Given Facebook's focus on private communication, this seems like a handy feature that could be used to convert your Facebook followers into leads (or simply for community engagement).
New shopping features
Instagram is testing the ability for businesses to run organic shopping posts as ads within Ads Manager.
The test will run over the next few months, with plans to build and test the incorporation of a checkout option into these ads, enabling people to complete purchases without leaving the Instagram application.
According to recent research by VidMob, 1/3 users buy directly from Instagram ads, and with this new feature this number can only grow.
A new tool which replicates TikTok features
This wouldn't be the first time Instagram "took inspiration" from another social media company — Instagram Stories, one of its most successful features, was clearly lifted from Snapchat. This time Instagram is trying to get some of TikTok's recent success.
Just like TikTok, “Clips” allows users to record segments of videos into a single video Story. Just like TikTok, users can overlay music on clips. Just like TikTok, users can adjust the speed and timer of each video clips.
YouTube is not an often guest in our roundups. To be completely honest, I still don't know how to feel about YouTube — it's a social media network but it feels much more like a content platform. And to be honest, apart from regular changes in monetizing policies, YouTube doesn't announce many updates. However, last month was different!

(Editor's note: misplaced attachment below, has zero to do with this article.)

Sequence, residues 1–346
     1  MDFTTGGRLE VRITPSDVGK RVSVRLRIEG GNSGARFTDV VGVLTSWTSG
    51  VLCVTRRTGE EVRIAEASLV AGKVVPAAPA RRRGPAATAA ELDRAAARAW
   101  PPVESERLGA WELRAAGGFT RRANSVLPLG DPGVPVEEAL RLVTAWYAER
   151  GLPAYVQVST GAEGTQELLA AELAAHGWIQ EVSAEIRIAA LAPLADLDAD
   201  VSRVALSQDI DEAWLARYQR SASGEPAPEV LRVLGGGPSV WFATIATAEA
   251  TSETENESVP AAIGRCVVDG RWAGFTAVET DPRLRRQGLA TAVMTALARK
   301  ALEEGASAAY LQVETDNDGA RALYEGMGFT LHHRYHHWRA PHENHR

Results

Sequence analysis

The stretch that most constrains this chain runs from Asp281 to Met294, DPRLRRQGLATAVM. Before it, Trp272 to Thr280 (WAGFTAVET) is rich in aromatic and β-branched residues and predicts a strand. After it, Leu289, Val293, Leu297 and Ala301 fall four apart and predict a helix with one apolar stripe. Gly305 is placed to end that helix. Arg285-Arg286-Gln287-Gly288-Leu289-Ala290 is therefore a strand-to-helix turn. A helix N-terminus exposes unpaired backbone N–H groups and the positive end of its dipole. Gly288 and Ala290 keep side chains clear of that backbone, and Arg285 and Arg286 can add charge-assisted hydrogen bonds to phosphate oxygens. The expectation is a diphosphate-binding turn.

The issue of verification
Last month YouTube "broke the Internet" by announcing that they were updating their criteria that make accounts eligible for verification and subsequently some verified channels would lose their badges. This made a lot of content creators upset.
On vacation and I get an email from #Youtube saying they are taking away my #verified status.— Joshua Ovenshire (@TheJovenshire) September 20, 2019
Now, I know lots of others got this, and I dont make YouTube videos for the ego boost, but I'm just tired of seeing YT take jabs at the creators that helped make their platform.
YouTube eventually backtracked on the criteria changes just 24 hours after the announcement so all in all, no-one's verification status is being taken away. But some changes will still go into effect in October as well as a new design of the verification badge.
New requirements for verification include:
- Authenticity: The channel must represent the real creator, brand, or entity they’re claiming to be.
- Completeness: The channel must be public and have a description, channel icon, and content, and be active on YouTube.
YouTube added filters to make comment navigation easier.
Creators can now filter comments by:
- Response status: filter comments by which ones have been responded to and which ones have not.
- Contains question: filter by comments that contain a question.
- Subscriber count: filter comments by how many subscribers the commenter has.
- Subscriber status: filter comments by people who subscribe to you.
- Member status: filter comments by people who are members.
These filters can also be combined to narrow down comments even further. To access the filters, go to YouTube Studio, navigate to the ‘comments’ tab and use the filter bar at the top of the page.
What do you think about Facebook's strategy to copy what they can't buy? Will you be hiding replies to your tweets? And most importantly, do you share my views on the ambiguous status of YouTube as a social media platform (please, tell me I'm not alone)? Let's talk in the comments!